Simple fact.

Mikey P

Administrator
Joined
Oct 6, 2006
Messages
79,098
Location
The High Chapperal
Credits
74,599
Points
74,599
Well, it's big for me. Probably very small from your point of view.

It's a 35X75 hardwood floor in a restaurant dining room floor. about 2/3 of the floor is very old and has several areas that look terrible from golfers walking on it in their golf cleats back in the mid 1950's. The other 1/3 of it is a newer pine hardwood that shouldn't give me any problems. I plan on cleaning or removing any acrylic finish on it before I use Basic's liquid bonding Tykote and 2 coats of Streetshoe Gloss on it.

It's great on clean to sort of clean floors.


On a caked restaurant I expect a video of the most epic of Petrified tantrums.
 

Matt Wood

MLPW
Joined
Feb 4, 2016
Messages
6,229
Location
Georgia
Credits
13,711
Points
13,711
Bring a 175 or CRB, you're going to need something more aggressive to scrub with


and a HS wand
I'm planning on using the IFT or stripper polish remover first with a green pad in small sections and extracting that mess up with squeaky in the machine
 

Matt Wood

MLPW
Joined
Feb 4, 2016
Messages
6,229
Location
Georgia
Credits
13,711
Points
13,711
I'm envisioning a Meg style excuse to an irate customer over an undelivered expection due to incompetence
I have my maroon pads and tm hard surface wand as backup in case this machine fails.

The expectation won't be undelivered. I'd rather lose money on the job before I have an irate customer. Losing dozens of customers due to an irate customer is a lot worse than losing a few hundred dollars on just one job. That's just part of being self employed
 

Matt Wood

MLPW
Joined
Feb 4, 2016
Messages
6,229
Location
Georgia
Credits
13,711
Points
13,711
Sound to me like you need the maroon pad and use the DD as vac and rinse🤷🏼‍♂️
I'm experimenting on a different method with the Tykote to replace the maroon pad method. The Tykote chemical is a bonding chemical that replaces the purpose of the maroon pad, which is to open up the original sealer so the new finish will attach to it. I don't know how thin the original finish is, which is why I don't want to aggravate it any more with the maroon. But I will if there's a crappy wax finish that the stripper won't remove, I'll have to
 
  • Like
Reactions: rider0992

Johnny

Supportive Member
Joined
Oct 22, 2006
Messages
2,091
Location
La-Z-Boy
Credits
115
Points
115
Name
Johnny
Got two battery MultiSprayers I have replaced factory for stronger components in over the years. Stronger pumps, bigger plumbing, pressure-washer wand, etc. Carry extra 2-gal. jugs to fill and swap out as needed. Usually mix 1 - 3 initially. Like to know exactly what I'm putting on the carpet, and like the flexibility to easily change the mix for different situations on the same job. Been doing it like this for 14-15 years. Prior to that, I used HFs, both standard and variable.

The battery MSs require maintenance. No experience with the 120v MSs.

Got a MultiSprayer brand in-line with a couple extra jugs form Olson last year. Its unused. Might give it a try on an open 4,500 sq. ft. room next week. Remove yellow restrictor? What are the ratios with and without the restrictor?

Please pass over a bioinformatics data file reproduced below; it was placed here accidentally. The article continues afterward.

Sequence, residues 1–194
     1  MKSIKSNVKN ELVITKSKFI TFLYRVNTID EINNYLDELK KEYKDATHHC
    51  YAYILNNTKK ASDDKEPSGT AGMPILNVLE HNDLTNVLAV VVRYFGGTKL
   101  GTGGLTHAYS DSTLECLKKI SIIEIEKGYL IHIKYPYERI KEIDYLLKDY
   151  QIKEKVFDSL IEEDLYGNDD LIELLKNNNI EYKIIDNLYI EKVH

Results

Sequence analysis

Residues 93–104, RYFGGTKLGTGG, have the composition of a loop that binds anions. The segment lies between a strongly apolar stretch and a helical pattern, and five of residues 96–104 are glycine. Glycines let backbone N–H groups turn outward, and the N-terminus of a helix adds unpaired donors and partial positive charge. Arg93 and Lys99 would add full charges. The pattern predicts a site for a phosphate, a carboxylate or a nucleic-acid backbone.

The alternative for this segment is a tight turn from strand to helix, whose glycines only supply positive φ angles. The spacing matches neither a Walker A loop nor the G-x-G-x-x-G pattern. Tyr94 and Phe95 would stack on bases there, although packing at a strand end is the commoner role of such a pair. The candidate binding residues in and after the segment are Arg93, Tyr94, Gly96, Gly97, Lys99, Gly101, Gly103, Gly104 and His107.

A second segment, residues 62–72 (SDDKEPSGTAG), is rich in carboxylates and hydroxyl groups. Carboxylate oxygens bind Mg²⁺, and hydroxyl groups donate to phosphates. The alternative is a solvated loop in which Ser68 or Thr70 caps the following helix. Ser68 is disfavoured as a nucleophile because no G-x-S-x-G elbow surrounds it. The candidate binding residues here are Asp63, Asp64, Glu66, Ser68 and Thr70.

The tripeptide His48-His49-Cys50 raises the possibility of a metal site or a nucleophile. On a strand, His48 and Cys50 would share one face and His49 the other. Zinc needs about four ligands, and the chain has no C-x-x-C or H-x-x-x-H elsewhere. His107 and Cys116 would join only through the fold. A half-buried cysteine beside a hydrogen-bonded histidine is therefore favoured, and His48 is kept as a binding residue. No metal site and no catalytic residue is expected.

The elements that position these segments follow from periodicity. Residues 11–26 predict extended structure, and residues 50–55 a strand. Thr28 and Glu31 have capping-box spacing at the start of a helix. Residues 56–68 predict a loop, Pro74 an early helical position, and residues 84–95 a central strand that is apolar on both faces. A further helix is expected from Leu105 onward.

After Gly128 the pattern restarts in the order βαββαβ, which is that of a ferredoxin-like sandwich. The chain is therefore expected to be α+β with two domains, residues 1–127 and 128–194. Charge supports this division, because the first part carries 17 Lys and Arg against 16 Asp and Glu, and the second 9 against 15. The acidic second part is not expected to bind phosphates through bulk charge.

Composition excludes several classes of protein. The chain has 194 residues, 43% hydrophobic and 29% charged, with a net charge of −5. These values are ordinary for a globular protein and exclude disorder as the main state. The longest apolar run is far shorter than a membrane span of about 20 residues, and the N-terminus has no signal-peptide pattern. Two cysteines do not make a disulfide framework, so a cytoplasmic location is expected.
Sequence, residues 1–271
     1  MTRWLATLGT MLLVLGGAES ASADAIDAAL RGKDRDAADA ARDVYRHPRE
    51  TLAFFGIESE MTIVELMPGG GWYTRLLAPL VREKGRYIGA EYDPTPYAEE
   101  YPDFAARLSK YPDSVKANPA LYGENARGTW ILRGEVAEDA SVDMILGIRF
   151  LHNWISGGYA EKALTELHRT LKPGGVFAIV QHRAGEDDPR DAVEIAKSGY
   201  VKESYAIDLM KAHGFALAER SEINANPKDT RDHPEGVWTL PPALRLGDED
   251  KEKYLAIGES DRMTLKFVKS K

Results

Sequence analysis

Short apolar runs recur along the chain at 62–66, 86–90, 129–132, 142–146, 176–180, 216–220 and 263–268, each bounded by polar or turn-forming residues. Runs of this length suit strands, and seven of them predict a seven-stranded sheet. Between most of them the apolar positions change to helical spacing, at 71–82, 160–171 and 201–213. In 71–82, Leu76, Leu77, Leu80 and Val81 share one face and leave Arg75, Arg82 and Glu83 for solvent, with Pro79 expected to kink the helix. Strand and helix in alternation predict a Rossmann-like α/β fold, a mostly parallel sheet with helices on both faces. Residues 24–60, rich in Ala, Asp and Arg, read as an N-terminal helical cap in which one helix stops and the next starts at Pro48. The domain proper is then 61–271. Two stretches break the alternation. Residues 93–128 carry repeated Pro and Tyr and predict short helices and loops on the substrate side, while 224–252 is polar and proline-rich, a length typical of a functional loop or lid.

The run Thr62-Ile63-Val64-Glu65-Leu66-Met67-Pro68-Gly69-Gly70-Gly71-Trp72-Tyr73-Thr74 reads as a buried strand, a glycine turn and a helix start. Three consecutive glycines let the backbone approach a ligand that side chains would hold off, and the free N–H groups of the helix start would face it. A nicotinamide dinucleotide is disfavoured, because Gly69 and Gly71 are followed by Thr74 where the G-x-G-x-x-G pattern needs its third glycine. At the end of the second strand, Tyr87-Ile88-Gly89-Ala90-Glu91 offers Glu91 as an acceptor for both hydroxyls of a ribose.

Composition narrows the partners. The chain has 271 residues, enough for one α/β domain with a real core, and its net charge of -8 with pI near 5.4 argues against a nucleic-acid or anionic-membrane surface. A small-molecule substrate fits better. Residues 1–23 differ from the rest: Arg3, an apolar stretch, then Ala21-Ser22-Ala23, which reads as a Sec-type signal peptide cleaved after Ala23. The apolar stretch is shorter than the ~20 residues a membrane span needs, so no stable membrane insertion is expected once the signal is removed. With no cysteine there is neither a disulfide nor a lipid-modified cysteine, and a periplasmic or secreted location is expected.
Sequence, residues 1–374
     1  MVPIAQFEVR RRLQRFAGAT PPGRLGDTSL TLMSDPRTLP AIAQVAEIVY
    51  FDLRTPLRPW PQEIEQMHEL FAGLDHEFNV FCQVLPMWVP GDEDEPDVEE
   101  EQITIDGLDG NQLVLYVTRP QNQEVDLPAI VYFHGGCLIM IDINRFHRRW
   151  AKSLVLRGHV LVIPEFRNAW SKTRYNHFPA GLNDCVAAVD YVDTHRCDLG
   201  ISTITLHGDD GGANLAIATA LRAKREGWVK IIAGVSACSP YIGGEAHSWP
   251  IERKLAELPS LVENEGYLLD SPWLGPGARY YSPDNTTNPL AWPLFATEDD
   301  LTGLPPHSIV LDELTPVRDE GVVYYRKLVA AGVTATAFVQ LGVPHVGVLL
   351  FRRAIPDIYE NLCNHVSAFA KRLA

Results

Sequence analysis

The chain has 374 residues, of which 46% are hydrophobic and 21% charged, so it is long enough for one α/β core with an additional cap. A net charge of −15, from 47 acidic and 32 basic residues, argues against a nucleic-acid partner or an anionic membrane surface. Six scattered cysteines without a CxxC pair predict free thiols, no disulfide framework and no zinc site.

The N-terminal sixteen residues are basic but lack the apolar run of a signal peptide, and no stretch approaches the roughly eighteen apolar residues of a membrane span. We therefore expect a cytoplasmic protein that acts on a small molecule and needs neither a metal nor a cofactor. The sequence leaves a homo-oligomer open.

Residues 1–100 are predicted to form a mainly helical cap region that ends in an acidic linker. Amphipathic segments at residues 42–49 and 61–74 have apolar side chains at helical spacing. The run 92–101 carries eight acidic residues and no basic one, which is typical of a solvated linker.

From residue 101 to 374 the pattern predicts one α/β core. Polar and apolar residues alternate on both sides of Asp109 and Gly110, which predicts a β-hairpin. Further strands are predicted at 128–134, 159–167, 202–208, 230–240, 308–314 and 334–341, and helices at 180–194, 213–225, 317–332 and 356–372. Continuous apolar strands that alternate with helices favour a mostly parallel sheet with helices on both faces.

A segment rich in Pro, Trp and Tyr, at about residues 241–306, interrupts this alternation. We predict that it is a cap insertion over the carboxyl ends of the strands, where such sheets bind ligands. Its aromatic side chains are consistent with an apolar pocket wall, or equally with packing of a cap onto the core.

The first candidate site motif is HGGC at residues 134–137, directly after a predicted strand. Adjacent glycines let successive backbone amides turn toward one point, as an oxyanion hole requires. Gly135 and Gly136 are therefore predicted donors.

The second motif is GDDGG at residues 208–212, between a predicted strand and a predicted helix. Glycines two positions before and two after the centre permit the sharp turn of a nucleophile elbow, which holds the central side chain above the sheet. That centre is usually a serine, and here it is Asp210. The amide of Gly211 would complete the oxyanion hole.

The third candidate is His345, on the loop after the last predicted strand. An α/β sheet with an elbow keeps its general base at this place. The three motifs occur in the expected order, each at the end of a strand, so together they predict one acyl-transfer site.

Much obliged.
 

sOOper hero

Number 5
Joined
Oct 7, 2006
Messages
21,204
Location
North East Ohio
Credits
18,213
Points
18,213
Name
Larry Capitoni
Remove yellow restrictor? What are the ratios with and without the restrictor?

8-1 with stock yellow thingie
I'd expect most here remove them due to reliability/consistency issues
(that they likely won't admit it due to rationalization/denial issues or are just plain clueless mooks )


it's 4-1 without insert


..L.T.A.
 

Cleanworks

Supportive Member
Joined
Oct 22, 2012
Messages
13,058
Location
New Westminster,BC
Credits
32,263
Points
32,263
Name
Ron Marriott
With the yellow tip, it's 8-1 like Larry says. That's for liquids. Take it out and it's 4-1 for powders. Never put powder in the hydra-force, mix it in a pail first, then pour it in. Follow that and you won't have any problem with inconsistencies or clogging. For large jobs, I mix up a couple of extra containers as well.
 
  • Like
Reactions: Johnny

Jimmy L

Member
Joined
Oct 7, 2006
Messages
12,480
Location
Ne
Credits
9,833
Points
9,833
Name
Jimmy L
Modified my electric multisprayer with bigger pump and plumbing too.
 

Cleanworks

Supportive Member
Joined
Oct 22, 2012
Messages
13,058
Location
New Westminster,BC
Credits
32,263
Points
32,263
Name
Ron Marriott
baloney
You know it, I know it and manufactures know it .
The draw changes (decreases) as solution temps increase
and at 220 they don't draw at all

..L.T.A.
It doesn't make any difference because of the sheer volume you are putting out. If it changes to 7-1 or 9-1, it really doesn't make any difference. It's absolutely the fastest way to get a good amount of prespray down and at the same time, it warms up your truck. By the time you finish prespraying, you truck is hot and ready to go.
 

Matt Wood

MLPW
Joined
Feb 4, 2016
Messages
6,229
Location
Georgia
Credits
13,711
Points
13,711
Either way...back to the original start of this thread..I’ll be using a pump up sprayer to spray either the IFT or Floor polish remover before I extract it with the DD that has a very low solution of squeaky in the rinse to neutralize it.

There’s times when each of the three sprayers are needed and to depend on just one kind of sprayer is foolish
My boss made me use a pump up the entire time during my first two years as an employee which made me add hate to my job at the time
 

Top